"We have laid it all out for our enemies. Publicizing the techniques does grave damage to our national security by ensuring they can never be used again" — Anonymous Bush administration official, protesting Obama's release of the torture memos.
Isn't that the point? I would have thought that Obama's ban on torture (effective Jan 21) was the thing that tipped off our enemies that we weren't going to be torturing them. He wasn't too secretive about it as I remember. I saw it on TV.*
“I don't believe Obama would intentionally endanger the nation, so it must be that he thinks either 1. the previous administration, including the CIA professionals who have defended this program, is lying about its importance and effectiveness, or 2. he believes we are no longer really at war and no longer face the kind of grave threat to our national security this program has protected against.”
The former. To date, the Bush administration have not been able to name a single piece of actionable intelligence that came from torturing suspects, although in the WSJ today Mukasey and Hadley trot out the usual claims about Abu Zubaydah:
The terrorist Abu Zubaydah... disclosed some information voluntarily. But he was coerced into disclosing information that led to the capture of Ramzi bin al Shibh, another of the planners of Sept. 11, who in turn disclosed information which -- when combined with what was learned from Abu Zubaydah -- helped lead to the capture of KSM and other senior terrorists, and the disruption of follow-on plots aimed at both Europe and the U.S.
Zubaydah is the suspect they waterboarded 83 times, and whose coerced testimony triggered a series of alerts and sent hundreds of CIA and FBI investigators scurrying in pursuit of phantom plots — against shopping malls, banks, supermarkets, water systems, nuclear plants, apartment buildings, the Brooklyn Bridge, the Statue of Liberty — none of which turned out to have any basis in reality. “What we got was pabulum,” said FBI agent Jack Cloonan. "We spent millions of dollars chasing false alarms," said one intelligence official.
Instead, watching his torment caused great distress to his captors, the official said. Even for those who believed that brutal treatment could produce results, the official said, “seeing these depths of human misery and degradation has a traumatic effect.”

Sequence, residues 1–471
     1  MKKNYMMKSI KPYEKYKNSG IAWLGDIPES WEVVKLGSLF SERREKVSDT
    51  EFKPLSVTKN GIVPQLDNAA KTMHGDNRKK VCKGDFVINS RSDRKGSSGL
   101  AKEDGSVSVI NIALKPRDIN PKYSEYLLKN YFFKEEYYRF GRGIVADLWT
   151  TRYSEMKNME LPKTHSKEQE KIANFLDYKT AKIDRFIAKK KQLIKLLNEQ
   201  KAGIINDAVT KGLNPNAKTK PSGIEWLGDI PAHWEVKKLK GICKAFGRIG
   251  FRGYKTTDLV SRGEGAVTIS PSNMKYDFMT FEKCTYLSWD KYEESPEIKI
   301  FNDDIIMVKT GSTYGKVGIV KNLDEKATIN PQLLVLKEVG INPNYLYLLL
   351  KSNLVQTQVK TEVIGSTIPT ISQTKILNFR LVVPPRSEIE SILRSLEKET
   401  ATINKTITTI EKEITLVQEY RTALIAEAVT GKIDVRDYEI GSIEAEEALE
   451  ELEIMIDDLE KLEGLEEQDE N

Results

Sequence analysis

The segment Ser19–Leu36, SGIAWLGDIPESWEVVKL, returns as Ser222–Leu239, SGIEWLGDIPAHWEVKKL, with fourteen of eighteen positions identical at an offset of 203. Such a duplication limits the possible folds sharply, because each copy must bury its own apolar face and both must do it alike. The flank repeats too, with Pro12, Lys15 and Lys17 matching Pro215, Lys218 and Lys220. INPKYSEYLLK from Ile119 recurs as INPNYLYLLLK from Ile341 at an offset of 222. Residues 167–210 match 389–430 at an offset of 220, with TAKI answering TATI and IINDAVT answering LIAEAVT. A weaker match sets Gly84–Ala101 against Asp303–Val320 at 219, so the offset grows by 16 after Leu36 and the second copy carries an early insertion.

That's as good as it gets — the administration's one success story. Asked by a journalist whether he knew of any attacks on America that had been disrupted by information gained from torture, FBI director Robert Mueller at first declined to answer. “I’m really reluctant to answer that,” he said, then paused, looked at an aide, and added: “I don’t believe that has been the case.”
*Former CIA director Michael Hayden was allowed to get away with this on Fox news today. “It describes the box within which Americans will not go beyond. To me, that’s very useful for our enemies."
I understand that Fox is the channel of barbarians, but even so. The argument is so fallacious, it barely even registers as an argument: it just clears its throat and implodes. If the interrogation methods are no longer being used, why would the legal justifications used to justify those methods be of any intelligence value to our enemies? Not just that but "very very useful"? And yet, incredibly, this appears to be the main pro-torture talking point coming in response to Obama's release of those memos. Even more incredibly, it is getting repeated on news channels — and not just Fox but MSNBC and CNN — where it is listened to by news anchors who nod, as if they were hearing sentences in English that reasonable people might be expected to consider. Sometimes I wonder if the news media's dedication to the notion of fair-mindedness would one day lead them to say, "yes but, in all fairness, some would point out that 2 plus 2 equals five." How nonsensical does an argument have to get for them to intercede and help out? Hayden is dribbling soup down his shirt — he's whispering to the faeries at the bottom of the garden — and they're sitting there nodding, sagely.
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